47 Ronin by John Allyn
Faeries edited by Isaac Asimov
and a little anthology of sonnets by Gerard Manley Hopkins.

before those i read Monkey by Ch'Eng-En Wu.

30-04-2002, 20:35:52

Ranking as the Queen of Lit, I clock in with my list this month:

1) My Stepfather Shrank!
2) Show Me (Janet Dailey)
3) The Shining (1/4)
4) The Taming Of The Shrew (Bill Shakespeare, I skimmed again)
5) How To Make An American Quilt
6) I Know Why The Caged Bird Sings (first page three times)
7) Marrying a Delacourte (Romance--select chapters)
8) A Farewell to Arms (select chapters)
9) Barbecue Cookbook
10) Story of a Soul (bits and pieces)
11) The Garlic Cookbook
12) How to Repair Walls (chapter on sheetrock)
13) Taste of the Carribbean
14) Old Fashioned Cookbook
15) The Grill Book
16) The Confessions of Augustine (select bits and pieces)
17) The Writer's Mind
18) Three Genres
19) Making Shapely Fiction
20) The Hero Within
21) The Strong-Willed Child
22) Raising Boys
23) The Way (pieces)
24) The Interior Castle (bits and pieces)
25) Us World & News Report
26) Reader's Digest
27) Dave Barry
28) The Californian

30-04-2002, 21:08:07
This isn't a who read the most...

It is: What did you think of the books? Since we know each other somewhat well to very well, it makes it a friend's thoughts about a book. :D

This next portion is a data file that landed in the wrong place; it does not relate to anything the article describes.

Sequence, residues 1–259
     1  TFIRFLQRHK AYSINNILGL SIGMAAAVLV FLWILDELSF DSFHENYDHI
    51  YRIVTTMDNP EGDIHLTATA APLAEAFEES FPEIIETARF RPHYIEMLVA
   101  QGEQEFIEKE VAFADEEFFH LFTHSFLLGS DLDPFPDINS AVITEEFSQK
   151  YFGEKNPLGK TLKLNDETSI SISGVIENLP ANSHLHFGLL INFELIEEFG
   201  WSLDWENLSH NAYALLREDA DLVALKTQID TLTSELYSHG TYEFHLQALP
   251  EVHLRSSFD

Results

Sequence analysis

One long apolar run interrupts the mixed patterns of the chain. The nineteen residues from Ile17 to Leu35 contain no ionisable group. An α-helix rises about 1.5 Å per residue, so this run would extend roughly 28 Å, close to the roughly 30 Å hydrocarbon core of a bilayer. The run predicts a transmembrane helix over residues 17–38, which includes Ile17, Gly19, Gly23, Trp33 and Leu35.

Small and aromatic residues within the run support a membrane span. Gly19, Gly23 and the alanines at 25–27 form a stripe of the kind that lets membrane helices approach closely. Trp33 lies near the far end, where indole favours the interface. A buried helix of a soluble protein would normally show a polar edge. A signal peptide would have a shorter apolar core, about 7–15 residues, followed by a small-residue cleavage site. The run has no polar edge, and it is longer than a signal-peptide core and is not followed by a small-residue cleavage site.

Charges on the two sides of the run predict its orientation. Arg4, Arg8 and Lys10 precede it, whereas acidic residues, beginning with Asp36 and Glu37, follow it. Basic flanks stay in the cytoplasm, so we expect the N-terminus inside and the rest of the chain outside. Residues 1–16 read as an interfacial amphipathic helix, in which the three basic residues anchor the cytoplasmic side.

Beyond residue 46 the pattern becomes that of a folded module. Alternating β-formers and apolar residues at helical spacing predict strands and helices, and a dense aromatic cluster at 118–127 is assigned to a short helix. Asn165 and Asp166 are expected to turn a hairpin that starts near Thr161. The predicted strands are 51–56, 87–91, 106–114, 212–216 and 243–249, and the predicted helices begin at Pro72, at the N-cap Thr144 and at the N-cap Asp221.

All the stuff I've read, were in eBook format. I really like being able to have a few books on hand and not have to worry about PACKING them into something to carry. I think I'll put 20,000 Leagues Under the Sea over on my PDA. Been a long while since I read it, and having seen Atlantis : Lost Empire last night, I'm in the mood again...

30-04-2002, 21:29:11
Oh, I know. I am just having one of those particularly acute square peg days.

I envy everyone here who can sit down and enjoy a good book.

I wish I could.

30-04-2002, 23:08:28
Why don't you?
Try just reading ONE book at a time... ;)

30-04-2002, 23:30:05

Is it me, my computer, my glasses, or something new here...but who turned out the lights? All I get is black, white and gray and it's hard on the eyes.

Must be a censor-type thing to keep the old fogies out.... *grumble*

30-04-2002, 23:31:48
You need to swap your forum style to 'Classic' if you want the old, easier to read format back.

30-04-2002, 23:37:30
Well, the directions were lost on me. I didn't see that option. *scowl scowl*

I feel like I need thicker lenses.

30-04-2002, 23:42:10
Click: Settings...
Click: Edit Options...
Change the Style Set Drop Down Box to 'Classic'.
Click: Submit Modifications

To get back to the forums, click : CounterGlow Forums.

30-04-2002, 23:51:57

I can see!

30-04-2002, 23:52:44
You are welcome.

It's a pain in the rump to find that setting.

02-05-2002, 17:17:40
Mercedes Lackey - Gates of Sleep

not a Valdemar story, although the magic system is similar. Very enjoyable and easy read, not too deep, suspenseful (but you always know more about what's going on than the protagonist), good characters (I always enjoy her characters). This one takes place in industrial England, about the time electricity became available to those who could afford it (whenever that was:)). I think its the second book she's written in this setting, but they're not a continuous story. The first one was interesting because it incorporated a bit of Hindu mythology into the magic.